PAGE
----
Israeli attacks on Easter worshipers reflect efforts to expand control over Jerusalem

Mariam Barghouti

Mondoweiss  /  April 18, 2023

Recent attacks on Christian and Muslim worshipers in Jerusalem reflect Israeli efforts to consolidate control over the holy city. “The occupation, through such policies, claims that Jerusalem is theirs,” Archbishop Atallah Hanna tells Mondoweiss.

On April 15, Palestinian worshipers and international pilgrims were brutally beaten by Israeli police and armed forces as they attempted to reach the Church of the Holy Sepulchre for the Easter holiday in the Old City of Jerusalem. 

For years, Israeli right-wing settlers, supported by Israeli policy-makers and protected by Israeli armed forces, have escalated attacks on non-Jewish and non-Israeli worshipers in Jerusalem. 

The violent attacks came amid broader Israeli attempts to claim the holy city and enforce a new Judiazed-Israeli identity. One way this effort has been facilitated and implemented is through discriminatory practices discouraging Muslim and Christian worshipers and pilgrims from reaching sacred places of worship in the Old City.

What happened during the Easter holiday in Jerusalem? 

On Saturday afternoon, as Palestinian and international worshipers gathered for the Holy Fire ritual as part of the annual Easter Holiday celebrations, Israeli armed forces were deployed across the Old City’s Christian quarter.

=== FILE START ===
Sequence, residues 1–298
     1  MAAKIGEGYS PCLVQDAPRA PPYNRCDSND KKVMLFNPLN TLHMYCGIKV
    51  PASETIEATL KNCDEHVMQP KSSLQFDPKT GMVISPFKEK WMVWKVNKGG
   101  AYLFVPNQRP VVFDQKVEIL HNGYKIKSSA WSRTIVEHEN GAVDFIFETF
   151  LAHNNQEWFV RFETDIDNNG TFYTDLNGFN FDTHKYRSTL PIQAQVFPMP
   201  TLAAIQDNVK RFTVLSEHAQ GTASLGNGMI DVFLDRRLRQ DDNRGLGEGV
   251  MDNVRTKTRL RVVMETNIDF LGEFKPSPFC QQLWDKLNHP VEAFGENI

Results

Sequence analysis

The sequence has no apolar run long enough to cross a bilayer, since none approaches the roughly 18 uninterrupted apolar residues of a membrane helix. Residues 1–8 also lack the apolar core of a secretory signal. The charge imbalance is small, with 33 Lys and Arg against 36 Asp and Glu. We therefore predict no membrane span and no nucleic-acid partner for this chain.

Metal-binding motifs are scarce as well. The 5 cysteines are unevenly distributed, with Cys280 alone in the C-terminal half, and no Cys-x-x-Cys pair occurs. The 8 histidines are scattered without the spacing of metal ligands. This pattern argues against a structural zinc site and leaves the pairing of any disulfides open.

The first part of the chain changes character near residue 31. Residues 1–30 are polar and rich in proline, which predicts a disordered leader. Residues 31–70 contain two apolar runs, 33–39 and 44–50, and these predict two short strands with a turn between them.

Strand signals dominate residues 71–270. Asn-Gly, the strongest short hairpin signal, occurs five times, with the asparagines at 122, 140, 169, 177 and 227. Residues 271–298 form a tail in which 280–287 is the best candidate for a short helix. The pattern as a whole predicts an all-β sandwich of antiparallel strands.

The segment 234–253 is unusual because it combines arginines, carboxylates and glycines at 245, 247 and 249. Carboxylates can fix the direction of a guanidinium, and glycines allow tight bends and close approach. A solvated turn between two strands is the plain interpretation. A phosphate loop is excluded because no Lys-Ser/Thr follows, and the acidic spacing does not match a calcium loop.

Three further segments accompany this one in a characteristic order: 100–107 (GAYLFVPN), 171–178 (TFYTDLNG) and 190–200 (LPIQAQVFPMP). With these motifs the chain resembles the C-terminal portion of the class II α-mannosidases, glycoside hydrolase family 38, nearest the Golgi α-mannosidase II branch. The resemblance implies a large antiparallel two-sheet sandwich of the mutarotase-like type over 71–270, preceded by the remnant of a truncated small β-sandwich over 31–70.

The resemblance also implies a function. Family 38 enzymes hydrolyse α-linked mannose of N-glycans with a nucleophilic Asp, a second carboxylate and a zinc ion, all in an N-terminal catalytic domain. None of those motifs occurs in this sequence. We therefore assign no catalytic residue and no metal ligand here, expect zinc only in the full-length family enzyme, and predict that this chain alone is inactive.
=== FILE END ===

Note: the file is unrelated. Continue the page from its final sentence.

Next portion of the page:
“On the Holy Saturday, Jerusalem city was turned to a military base, with checkpoints spread across the city, police and army deployed everywhere,” Archbishop Atallah Hanna, the Patriarchate of Jerusalem, told Mondoweiss. “It was as though we were on a battlefield,” he recalled of the holy day, one of the most sacred holidays on the Christian calendar. 

Days before the scheduled celebration of the Holy Fire ritual, Israeli forces were ordered only to allow 1,800 Christian worshipers inside the Church of the Holy Sepulchre and an additional 1,200 to be allowed outside the church. In past years more than 10,000 people have attended. In addition, at least 200 Israeli officers would be stationed inside the church.

“These practices cannot be justified in any shape or form,” the Archbishop said to Mondoweiss. 

While Israeli forces claim security concerns when defending the deployment of armed forces in a place of worship, the attacks against Palestinian Christians go beyond sacred spaces. 

Last year, after Israeli soldiers shot and killed the Palestinian-American journalist Shireen Abu Akleh in Jenin, Israeli police attacked mourners as her funeral procession moved from the St. Joseph hospital in Jerusalem. The Catholic Church condemned the violence against mourners and the direct attack on Abu Akleh’s coffin. A year later, no Israeli forces have been held accountable for breaching the right to burial, the attack on mourners, or killing the journalist herself, despite being visibly identified as a media member.